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Floating plants: Do I need to remove the submerged ones?

Ben Rhau

Member
Hello, plant people. I now have a number of different floating plants across my tanks, and have some basic questions about maintenance. My main question concerns the (few) plants that linger just below the surface and do not stay dry. Is it crucial to remove these so that they do not increase BOD, or might they eventually recover?

Salvinia minima:
1. While most of my plants are clearly dry and hydrophobic at the top, I do notice that some of the plants stay wet. These are often crowded with other plants or are near the air pump lift tube, where they have trouble avoiding splashes. There is very little flow, so I've surrounded the outtake with a feeding ring. However, the plants near the ring still get wet. Should I discard these "wet" plants? I've tried rescuing them by moving them to a different areas of the tank, but so far I have not seen them recover.
2. There is obviously a lot of growth, and some of the original leaves are becoming dark and senescent. However, they are attached to new growth. Should I try to separate these leaves and discard, or just wait until this happens on its own?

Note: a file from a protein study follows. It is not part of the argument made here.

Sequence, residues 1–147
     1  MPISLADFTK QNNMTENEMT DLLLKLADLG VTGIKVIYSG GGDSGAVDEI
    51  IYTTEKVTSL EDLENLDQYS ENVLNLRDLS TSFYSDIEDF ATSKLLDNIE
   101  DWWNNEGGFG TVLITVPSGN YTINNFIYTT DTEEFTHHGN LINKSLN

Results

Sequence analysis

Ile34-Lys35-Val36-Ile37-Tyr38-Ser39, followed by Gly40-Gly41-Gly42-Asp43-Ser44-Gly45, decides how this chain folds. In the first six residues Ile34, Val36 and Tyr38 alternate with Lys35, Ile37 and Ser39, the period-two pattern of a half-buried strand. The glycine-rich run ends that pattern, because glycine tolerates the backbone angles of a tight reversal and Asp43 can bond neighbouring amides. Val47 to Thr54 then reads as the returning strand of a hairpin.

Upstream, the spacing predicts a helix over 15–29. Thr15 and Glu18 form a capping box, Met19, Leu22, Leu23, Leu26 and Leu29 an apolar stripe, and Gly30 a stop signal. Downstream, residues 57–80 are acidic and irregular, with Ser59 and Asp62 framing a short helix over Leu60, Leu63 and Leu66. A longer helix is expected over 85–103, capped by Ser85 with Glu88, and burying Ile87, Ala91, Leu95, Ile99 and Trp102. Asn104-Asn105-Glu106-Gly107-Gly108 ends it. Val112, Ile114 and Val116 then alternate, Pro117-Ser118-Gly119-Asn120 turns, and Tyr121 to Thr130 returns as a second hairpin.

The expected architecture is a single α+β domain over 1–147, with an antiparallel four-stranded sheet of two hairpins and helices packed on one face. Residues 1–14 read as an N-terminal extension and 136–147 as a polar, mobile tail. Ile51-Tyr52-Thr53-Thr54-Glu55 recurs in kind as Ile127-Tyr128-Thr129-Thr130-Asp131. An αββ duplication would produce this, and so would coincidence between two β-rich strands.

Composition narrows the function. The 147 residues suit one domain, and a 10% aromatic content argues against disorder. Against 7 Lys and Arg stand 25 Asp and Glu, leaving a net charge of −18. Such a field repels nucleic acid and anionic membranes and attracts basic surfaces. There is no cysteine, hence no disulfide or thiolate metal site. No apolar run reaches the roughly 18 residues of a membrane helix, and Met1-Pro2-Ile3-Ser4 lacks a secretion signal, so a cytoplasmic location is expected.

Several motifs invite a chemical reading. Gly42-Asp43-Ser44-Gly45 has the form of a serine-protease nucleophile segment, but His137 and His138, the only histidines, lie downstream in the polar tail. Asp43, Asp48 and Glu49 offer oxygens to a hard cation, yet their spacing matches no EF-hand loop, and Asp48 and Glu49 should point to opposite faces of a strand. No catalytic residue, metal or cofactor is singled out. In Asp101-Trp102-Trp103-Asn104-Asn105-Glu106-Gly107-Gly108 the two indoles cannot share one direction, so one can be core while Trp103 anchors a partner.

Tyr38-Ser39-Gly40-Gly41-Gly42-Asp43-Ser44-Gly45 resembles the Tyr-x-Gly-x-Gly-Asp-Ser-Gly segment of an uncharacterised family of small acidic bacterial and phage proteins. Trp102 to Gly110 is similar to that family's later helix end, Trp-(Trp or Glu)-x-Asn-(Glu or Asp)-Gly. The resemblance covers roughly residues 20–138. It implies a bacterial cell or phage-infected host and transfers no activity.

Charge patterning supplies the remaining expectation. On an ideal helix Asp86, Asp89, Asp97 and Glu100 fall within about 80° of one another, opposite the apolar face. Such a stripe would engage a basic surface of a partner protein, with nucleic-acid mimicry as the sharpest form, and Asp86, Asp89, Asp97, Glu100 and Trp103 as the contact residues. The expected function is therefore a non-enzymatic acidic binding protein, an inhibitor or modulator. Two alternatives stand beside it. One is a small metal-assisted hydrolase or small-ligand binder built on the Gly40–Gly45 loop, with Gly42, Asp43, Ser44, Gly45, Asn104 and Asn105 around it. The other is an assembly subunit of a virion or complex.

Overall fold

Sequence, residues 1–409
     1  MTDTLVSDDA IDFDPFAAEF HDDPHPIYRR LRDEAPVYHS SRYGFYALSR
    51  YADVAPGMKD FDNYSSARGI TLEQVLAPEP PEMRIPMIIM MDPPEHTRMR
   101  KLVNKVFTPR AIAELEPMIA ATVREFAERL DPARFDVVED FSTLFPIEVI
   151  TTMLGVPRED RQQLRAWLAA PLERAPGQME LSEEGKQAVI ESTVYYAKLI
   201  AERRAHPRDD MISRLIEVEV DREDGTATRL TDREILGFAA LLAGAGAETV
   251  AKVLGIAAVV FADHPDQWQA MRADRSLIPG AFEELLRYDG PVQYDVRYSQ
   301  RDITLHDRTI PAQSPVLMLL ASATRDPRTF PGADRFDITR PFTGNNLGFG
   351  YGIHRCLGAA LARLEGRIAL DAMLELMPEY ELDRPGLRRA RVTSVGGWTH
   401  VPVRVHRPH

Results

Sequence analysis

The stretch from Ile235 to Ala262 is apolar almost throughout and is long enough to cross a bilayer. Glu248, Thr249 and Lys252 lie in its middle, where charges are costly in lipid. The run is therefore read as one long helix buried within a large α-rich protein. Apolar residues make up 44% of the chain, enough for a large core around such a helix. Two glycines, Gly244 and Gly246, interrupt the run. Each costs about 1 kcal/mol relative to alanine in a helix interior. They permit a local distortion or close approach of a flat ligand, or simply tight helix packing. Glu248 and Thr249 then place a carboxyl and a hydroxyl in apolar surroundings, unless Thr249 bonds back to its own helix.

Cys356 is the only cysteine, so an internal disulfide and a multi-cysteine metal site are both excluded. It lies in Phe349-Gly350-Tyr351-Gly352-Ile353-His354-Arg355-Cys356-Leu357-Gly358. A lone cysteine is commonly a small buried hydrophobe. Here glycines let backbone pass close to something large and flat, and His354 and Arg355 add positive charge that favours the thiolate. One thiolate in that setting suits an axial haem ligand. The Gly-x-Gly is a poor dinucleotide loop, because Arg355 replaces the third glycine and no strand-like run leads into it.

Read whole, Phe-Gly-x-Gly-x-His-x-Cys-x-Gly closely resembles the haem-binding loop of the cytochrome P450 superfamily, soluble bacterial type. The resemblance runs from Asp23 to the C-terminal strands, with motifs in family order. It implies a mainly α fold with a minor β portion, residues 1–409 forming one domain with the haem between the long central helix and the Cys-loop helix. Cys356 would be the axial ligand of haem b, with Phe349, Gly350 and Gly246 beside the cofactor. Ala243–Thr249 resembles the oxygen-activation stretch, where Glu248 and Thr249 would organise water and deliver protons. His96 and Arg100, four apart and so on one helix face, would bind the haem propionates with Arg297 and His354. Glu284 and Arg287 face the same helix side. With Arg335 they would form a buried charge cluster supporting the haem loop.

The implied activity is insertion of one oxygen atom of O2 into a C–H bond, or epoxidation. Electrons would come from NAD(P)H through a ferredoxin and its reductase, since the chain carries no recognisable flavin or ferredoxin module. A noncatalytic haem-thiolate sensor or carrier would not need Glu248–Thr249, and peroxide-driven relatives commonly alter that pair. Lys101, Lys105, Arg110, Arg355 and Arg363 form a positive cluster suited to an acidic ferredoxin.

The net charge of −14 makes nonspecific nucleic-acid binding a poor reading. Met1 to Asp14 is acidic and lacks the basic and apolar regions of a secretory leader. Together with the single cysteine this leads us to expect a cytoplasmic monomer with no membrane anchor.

Red root floaters:
3. I know these aren't easy to keep for low light tanks, but I'm trying it anyway. Again, some of these plants have a significant portion that remains submerged. I do see new growth emanating at the surface, but I cannot separate them from the submerged parts because I'd lose the roots. Should I remove these, or baby them along and hope for the best?

The "easy" plants so far have been: Amazon frogbit, Pistia stratiotes, Salvinia cucullata. The Salvinia minima are easy, but as the new leaves are significantly smaller than what I originally added, I'm guessing my LED isn't outputting enough light for them to thrive.

Thanks,
Ben
 

Ben Rhau

Member
Pinging @dw1305 : As a general rule, once a floating plant like Salvinia minima loses its surface tension to stay dry at the top, is it possible for it to recover, or is it doomed? If doomed, I'd be more aggressive in taking them out.

For example, in my QT tank, most of my S. minima are not dry at the top, I'll swap them out with healthier ones just to be safe, but am wondering if the plants are a net positive or net negative on the tank if they are slightly submerged.

Thanks
 

dw1305

Well-Known Member
5 Year Member
Hi all,